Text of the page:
Every other answer here requires root access, allows any user on the same machine to copy the file, or requires password sharing. Here is a method that does not:
USER2 (let's call him Bob) run the following commands (you can replace
/tmp with any directory that both users have permissions to write to, but
/tmp is ideal because by default it is sticky, which prevents a malicious user from subverting this process. A directory owned by Bob that is world-readable also works):
[bob@computer ~]$ touch /tmp/test.txt
[bob@computer ~]$ chmod 622 /tmp/test.txt
This creates a file that is world-writable, but not readable.
USER1 (let's call her Alice) run (if you're paranoid, Alice can check the permissions first to make sure the file is owned by Bob):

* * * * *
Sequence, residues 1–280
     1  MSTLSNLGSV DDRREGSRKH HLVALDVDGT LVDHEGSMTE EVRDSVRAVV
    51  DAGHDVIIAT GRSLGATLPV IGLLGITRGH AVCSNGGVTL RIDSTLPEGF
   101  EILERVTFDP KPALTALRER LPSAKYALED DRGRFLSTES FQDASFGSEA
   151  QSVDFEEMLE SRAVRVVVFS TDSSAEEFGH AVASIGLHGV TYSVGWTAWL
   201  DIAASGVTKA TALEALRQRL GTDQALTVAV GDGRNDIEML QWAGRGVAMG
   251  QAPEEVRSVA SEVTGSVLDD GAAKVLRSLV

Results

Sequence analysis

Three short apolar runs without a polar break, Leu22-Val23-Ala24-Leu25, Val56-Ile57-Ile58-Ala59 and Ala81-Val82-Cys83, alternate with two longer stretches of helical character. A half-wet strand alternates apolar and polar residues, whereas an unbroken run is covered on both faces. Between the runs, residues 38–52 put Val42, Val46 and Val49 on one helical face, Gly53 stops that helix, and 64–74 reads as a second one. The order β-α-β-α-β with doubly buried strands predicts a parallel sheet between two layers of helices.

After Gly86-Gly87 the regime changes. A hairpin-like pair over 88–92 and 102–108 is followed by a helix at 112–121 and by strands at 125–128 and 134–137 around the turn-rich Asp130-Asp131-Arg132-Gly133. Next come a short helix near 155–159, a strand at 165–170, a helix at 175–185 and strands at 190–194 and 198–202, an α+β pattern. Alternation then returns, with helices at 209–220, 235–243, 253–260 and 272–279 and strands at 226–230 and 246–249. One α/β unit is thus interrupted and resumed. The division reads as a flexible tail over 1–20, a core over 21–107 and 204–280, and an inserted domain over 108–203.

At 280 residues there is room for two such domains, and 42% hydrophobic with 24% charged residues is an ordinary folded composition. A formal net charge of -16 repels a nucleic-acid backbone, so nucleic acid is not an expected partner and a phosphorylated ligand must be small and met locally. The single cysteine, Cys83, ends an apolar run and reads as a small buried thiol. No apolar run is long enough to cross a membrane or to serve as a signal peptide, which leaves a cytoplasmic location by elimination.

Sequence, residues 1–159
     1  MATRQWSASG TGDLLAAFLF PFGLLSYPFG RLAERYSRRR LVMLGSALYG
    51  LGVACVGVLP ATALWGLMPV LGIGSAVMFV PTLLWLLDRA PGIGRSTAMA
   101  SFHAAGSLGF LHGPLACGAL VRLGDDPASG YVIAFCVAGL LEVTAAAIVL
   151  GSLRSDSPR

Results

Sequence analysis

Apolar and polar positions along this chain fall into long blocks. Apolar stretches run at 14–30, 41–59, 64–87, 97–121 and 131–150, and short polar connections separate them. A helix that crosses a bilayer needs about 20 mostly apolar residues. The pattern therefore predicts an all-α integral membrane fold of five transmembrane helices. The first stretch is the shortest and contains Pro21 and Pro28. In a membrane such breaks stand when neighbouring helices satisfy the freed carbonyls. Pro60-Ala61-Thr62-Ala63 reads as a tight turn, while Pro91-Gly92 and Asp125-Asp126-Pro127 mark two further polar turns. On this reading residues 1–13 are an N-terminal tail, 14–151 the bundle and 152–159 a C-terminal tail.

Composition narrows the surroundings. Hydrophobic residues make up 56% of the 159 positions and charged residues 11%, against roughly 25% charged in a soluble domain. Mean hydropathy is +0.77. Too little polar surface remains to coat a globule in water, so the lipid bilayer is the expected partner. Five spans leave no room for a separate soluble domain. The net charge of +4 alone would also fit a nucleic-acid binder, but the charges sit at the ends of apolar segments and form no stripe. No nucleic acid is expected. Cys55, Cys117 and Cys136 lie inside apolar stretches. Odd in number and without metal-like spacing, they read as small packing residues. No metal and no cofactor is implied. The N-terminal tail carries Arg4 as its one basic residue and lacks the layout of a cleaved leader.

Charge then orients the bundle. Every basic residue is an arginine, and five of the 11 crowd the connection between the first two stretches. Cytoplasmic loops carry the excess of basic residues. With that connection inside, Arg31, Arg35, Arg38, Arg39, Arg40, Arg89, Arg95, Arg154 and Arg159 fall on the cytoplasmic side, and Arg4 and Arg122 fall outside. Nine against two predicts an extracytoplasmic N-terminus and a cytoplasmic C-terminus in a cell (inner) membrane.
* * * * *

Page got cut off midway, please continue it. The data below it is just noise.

[alice@computer ~]$ dd if="$HOME/test.txt" of=/tmp/test.txt
This overwrites the contents of
/tmp/test.txt. If you want to check integrity of the file, Alice should also generate a hash of the file. For instance:
[alice@computer ~]$ openssl sha1 < "$HOME/test.txt" > /tmp/test.txt.sha1
You can instead digitally sign the file, or any other method of guaranteeing its integrity.
And finally Bob moves the file and takes ownership of it:
[bob@computer ~]$ mv /tmp/test.txt "$HOME"
[bob@computer ~]$ chmod 600 "$HOME/test.txt"
And Bob can check the integrity if he likes. If so, he should check to make sure only Alice can write to
[bob@computer ~]$ diff /tmp/test/txt.sha1 <(openssl sha1 < "$HOME/test.txt")
If the file was copied correctly, this should display no output.